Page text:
Neil Humphreys: Euro 2020 had to be postponed
Uefa must allow domestic leagues to finish campaigns first
Across a scared, disjointed continent, at least one decision unites just about everyone in football.
Euro 2020 is done. The year can no longer be home to such a trivial event.
Only a self-serving charlatan would suggest otherwise, but we'll get back to West Ham United's vice-chairman Karren Brady.
In the meantime, Uefa took the only viable option. The Euros are postponed to 2021, but the specifics are truly unimportant right now.
If Uefa's powerbrokers needed further justification, all they had to do was step outside. Their headquarters are based in Switzerland, which provides a stark reminder of what is at stake.
The Swiss government has declared a state of emergency, closing all shops, bars, restaurants and entertainment facilities. Euro 2020 encompasses the lot.
The tournament never stood a chance and not just for health and safety reasons either. Postponing Euro 2020 was arguably the only option that pulled together so many competing football agendas.
Liverpool legend Jamie Carragher wants the domestic campaign to be completed, for obvious reasons. Salford City co-owner Gary Neville doesn't want games played behind closed doors, for obvious reasons.
Lionel Messi wants everyone to be responsible. Diego Simeone wants us to stay at home. And my sick stepfather hopes his immune deficiency spares him Covid-19, so he can see Frank Lampard's kids qualify for Europe.
Every want and desire is different. That's what makes the game so gut-wrenchingly glorious.
But a European Championship postponement offers that most rare and beautiful thing in the current climate: a decision that satisfies everyone.
With the tournament moved, European leagues are granted breathing space to complete stalled campaigns, ideally by June 30.
That's the circled date as players' contracts usually expire on June 30. There are 69 footballers in the English Premier League alone who, theoretically, could not turn out for their respective clubs beyond that date.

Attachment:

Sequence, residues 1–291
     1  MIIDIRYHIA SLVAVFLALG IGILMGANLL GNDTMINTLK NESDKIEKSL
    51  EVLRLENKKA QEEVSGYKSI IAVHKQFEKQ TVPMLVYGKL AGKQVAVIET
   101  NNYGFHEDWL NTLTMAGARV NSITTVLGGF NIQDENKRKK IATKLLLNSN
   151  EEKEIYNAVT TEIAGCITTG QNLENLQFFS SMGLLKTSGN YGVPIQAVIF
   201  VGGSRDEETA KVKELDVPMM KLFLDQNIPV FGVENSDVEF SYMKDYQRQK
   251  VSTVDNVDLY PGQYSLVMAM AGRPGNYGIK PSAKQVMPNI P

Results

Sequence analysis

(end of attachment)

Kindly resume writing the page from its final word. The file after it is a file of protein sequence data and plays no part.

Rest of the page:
An additional six or seven weeks raises the possibility of smaller clubs like Neville's Salford recouping lost revenues, as well as promoting and relegating the right teams, on merit, which brings us back to Brady.
At the weekend, the West Ham vice-chairman sounded more like an unscrupulous disaster capitalist, seeking to profit from the suffering of others, by insisting that this season should be declared null and void.
Naturally, her thinking had nothing to do with the fact that the relegation-threatened Hammers would benefit enormously from the status quo being preserved for another season.
But the same could not be said for Liverpool. One of the greatest campaigns in domestic history does not warrant an eternal "what if".
Of course, moving the Euros to June 2021 isn't without complications. World Cup qualifiers and the women's Euros are pencilled in for the same period.
But there must be the will because there really is no other way.
Further perspective shouldn't be required at this point, but Peter Lim's Valencia provided it any way. The La Liga club announced that "around 35 per cent" of their staff had tested positive for Covid-19.
When it comes to the possibility of football tournaments potentially overlapping in June 2021, it's a struggle to contain one's indifference.
As we scrub away layers of epidermis on our hands and keep elderly loved ones out of harm's way, we're unlikely to lose sleep over a few World Cup qualifiers being bumped off the calendar.
The European Championship can afford to wait.
The European summer should give this football season a chance to finish what it started. Yes, it's trivial. But it's also a little closure, something to look forward to. And we all need that at the moment.
Because if the season cannot be completed by June 30, then Euro 2020 is going to be the very least of our worries.